The first time I beat Rob Ford, it was in court. Allow me to elaborate.
In November 2011, myself and Tim Broughton, one of the managers of Toronto’s C’est What? venue, stood in court to challenge two Rob Ford-championed anti-graffiti fines that were issued against C’est What? for posters promoting a residency of Paint shows from February 2011. The original charges are discussed in this article by Ben Spurr of NOW Magazine.
We argued against the prosecution on two grounds: 1) Tim put forth the factual argument that the band operated independently of C’est What? in putting up posters according to what they believed to be the venue’s guidelines and limitations on postering; thus charging the venue was a misapplication of law; and 2) I presented a three-fold constitutional argument that blanket bans on postering are in fact an infringement of s.2(b) of the Canadian Charter of Rights and Freedoms pertaining to freedom of expression.
The case law was entirely on our side. Ramsden v. Peterborough was the landmark decision, in which the Supreme Court of Canada unanimously agreed that prohibiting postering on public property violated s.2(b) of the Charter. As postering is protected by the Charter, any bylaws limiting this right must provide only “reasonable limits” that are minimally restrictive. Postering on public property, regardless of its content, constitutes “expression,” and no persuasive distinction exists between using public space for leaflet distribution and using public property for the display of posters.
A subsequent case against the organizers of the Evolve Festival in Halifax laid 18 charges of postering on grounds that the city had created “information kiosks” for posters to be displayed. However, it was argued not only on constitutional grounds (as in Ramsden) but also that such kiosks were in fact an unreasonable limitation on freedom of expression because of their inconvenient locations and small numbers. The Halifax Regional Municipality dropped the charges on the grounds that there was “no reasonable prospect of conviction on the charges before the court.”
A similar case in Montreal saw Jaggi Singh, as well as organizers of the Pop Montreal festival, charged with postering on “surface(s) (not) designated for such purposes.” The Quebec Court of Appeal, in July 2010, declared the anti-littering bylaw (under which posters fell) to be “invalid” and “unconstitutional,” on the grounds that bylaw, as in Ramsden, violates s.2(b) of the Charter.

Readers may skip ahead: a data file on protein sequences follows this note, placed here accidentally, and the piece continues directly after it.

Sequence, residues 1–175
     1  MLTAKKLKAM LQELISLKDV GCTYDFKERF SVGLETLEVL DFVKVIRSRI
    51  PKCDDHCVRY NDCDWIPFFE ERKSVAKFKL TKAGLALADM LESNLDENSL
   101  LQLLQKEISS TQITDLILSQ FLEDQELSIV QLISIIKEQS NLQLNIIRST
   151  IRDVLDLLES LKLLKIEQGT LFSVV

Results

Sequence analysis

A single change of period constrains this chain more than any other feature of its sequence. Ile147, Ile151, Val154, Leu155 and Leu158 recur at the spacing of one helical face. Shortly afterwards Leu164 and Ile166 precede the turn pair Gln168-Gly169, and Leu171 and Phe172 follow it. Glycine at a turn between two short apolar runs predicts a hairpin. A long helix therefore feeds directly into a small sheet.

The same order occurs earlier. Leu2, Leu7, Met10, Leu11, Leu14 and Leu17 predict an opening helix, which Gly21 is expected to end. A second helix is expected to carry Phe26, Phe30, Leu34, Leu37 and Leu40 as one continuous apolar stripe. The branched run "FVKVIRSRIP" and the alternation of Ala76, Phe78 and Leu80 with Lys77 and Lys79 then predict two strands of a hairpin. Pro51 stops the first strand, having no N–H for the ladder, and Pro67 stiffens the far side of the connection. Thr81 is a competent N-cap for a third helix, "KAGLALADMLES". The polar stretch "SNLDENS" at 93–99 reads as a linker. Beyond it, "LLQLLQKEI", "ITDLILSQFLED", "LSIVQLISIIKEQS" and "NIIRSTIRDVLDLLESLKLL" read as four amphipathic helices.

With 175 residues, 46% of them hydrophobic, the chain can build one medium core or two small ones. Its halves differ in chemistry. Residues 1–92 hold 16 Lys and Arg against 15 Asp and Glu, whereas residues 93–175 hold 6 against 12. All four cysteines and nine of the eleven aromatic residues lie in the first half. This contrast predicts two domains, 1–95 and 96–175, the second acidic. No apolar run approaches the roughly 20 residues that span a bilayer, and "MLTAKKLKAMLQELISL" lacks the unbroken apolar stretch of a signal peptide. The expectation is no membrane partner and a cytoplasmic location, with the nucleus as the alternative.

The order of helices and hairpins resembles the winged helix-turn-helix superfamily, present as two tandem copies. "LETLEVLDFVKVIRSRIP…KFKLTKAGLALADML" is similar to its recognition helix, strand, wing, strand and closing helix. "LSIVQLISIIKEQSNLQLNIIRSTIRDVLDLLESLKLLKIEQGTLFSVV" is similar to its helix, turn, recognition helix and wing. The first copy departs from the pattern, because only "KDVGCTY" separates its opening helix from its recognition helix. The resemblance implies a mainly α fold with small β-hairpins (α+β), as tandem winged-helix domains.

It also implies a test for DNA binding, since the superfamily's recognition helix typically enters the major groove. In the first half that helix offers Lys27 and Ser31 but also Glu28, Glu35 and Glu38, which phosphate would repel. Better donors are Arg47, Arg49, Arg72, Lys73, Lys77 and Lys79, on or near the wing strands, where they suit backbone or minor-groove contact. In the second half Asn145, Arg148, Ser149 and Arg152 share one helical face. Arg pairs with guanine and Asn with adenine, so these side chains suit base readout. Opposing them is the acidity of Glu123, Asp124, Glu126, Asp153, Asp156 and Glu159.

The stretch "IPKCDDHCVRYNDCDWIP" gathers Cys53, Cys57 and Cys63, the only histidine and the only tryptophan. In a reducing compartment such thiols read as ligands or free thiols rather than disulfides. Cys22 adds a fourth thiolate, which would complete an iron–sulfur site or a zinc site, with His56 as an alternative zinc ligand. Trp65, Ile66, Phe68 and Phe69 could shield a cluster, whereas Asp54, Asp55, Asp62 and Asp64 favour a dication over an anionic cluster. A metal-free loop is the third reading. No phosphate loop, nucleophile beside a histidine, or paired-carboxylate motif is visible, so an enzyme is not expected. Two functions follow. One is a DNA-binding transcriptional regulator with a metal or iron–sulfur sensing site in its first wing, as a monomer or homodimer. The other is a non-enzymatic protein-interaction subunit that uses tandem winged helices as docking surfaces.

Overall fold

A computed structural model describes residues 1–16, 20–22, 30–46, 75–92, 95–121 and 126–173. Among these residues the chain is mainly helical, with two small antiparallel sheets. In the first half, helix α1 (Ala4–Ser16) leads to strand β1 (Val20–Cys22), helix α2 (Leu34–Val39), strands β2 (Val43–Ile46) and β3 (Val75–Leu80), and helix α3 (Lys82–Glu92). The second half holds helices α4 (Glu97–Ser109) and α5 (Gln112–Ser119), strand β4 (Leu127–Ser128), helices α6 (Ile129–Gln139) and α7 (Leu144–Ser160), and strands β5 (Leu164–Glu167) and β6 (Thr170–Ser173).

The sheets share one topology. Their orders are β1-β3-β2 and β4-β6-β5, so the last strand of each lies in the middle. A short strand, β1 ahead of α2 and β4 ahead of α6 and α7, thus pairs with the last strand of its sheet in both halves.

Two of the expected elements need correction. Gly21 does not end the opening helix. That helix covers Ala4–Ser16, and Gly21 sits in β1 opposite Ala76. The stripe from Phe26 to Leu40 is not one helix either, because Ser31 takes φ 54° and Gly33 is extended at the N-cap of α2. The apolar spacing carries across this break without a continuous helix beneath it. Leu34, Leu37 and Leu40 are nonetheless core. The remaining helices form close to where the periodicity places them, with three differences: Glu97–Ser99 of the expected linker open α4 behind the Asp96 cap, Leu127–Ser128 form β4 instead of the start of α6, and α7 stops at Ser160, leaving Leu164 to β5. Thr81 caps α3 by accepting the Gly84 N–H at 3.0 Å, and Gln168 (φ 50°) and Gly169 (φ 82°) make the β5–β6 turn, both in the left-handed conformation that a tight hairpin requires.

The City of Toronto, under Rob Ford, had been claiming that they also have similar provisions on “kiosks” and designated spaces that do allow for postering legally. However, as in the case in Halifax, such limitations are not “minimally restrictive,” and I am of the opinion that Toronto is in violation of the Charter just as Peterborough, Halifax, and Montreal were, and as the Supreme Court of Canada has agreed.
Taking all of this into consideration, the City dropped both postering charges against C’est What? after myself as a representative of the band refused to take the fine in their place on constitutional grounds. The condition of the dismissal was that C’est What? present the City with their revised terms of performance to clearly state that postering is only allowed where legally deemed appropriate — which, sadly, no one is entirely clear where those spots are, nor is it all that different from the provisions C’est What? already had in place.
The bottom line is that our charges were dismissed and we celebrated with a show at C’est What? However, it is still unclear where bands, promoters, and businesses are and are not allowed to poster without risking a fine. As Mayor of Toronto, I would examine this bylaw immediately to ensure that it adheres to constitutional law.
Bans on postering represent an attack on the arts, especially in times of political conservatism when arts can be seen as subversive. 85% of the 413 infractions stemming from anti-postering in Montreal in 2009 were against the cultural industries. Posters are an accessible and affordable form of advertising for locally-targeted events in an oversaturated internet market. By-laws against postering are simply creating barriers for artists of a certain income demographic to get their messages out. Unless one has the resources to advertise in mainstream media, which is often controlled by certain interests, or own property and put up a big billboard, ideas and expressions are limited. The concept of “public space” contains the assumption that people freely express themselves as permitted under s.2(b) of the Charter.
In Toronto’s case, shy of banding together to file a constitutional challenge (which I would say isn’t entirely outside the realm of possibility) the onus sadly is placed on the backs of artists to stand up for their rights. Poster and promote as you would, and if fines are issued, do not pay them. Go to court. Use the above case law to argue your points. And drop me a line, I’d be happy to help.
I left the courtroom that day thinking how good it felt to use my basic rights of constitutional engagement to beat Rob Ford. And I thought, “Wouldn’t it feel great to use my rights of civic participation to beat him again?”
Thus, the Robb Not Ford campaign began.
An interesting post-script: Did you know that Rob Ford’s campaign office had $13,000 in postering fines waived while our case against him was happening?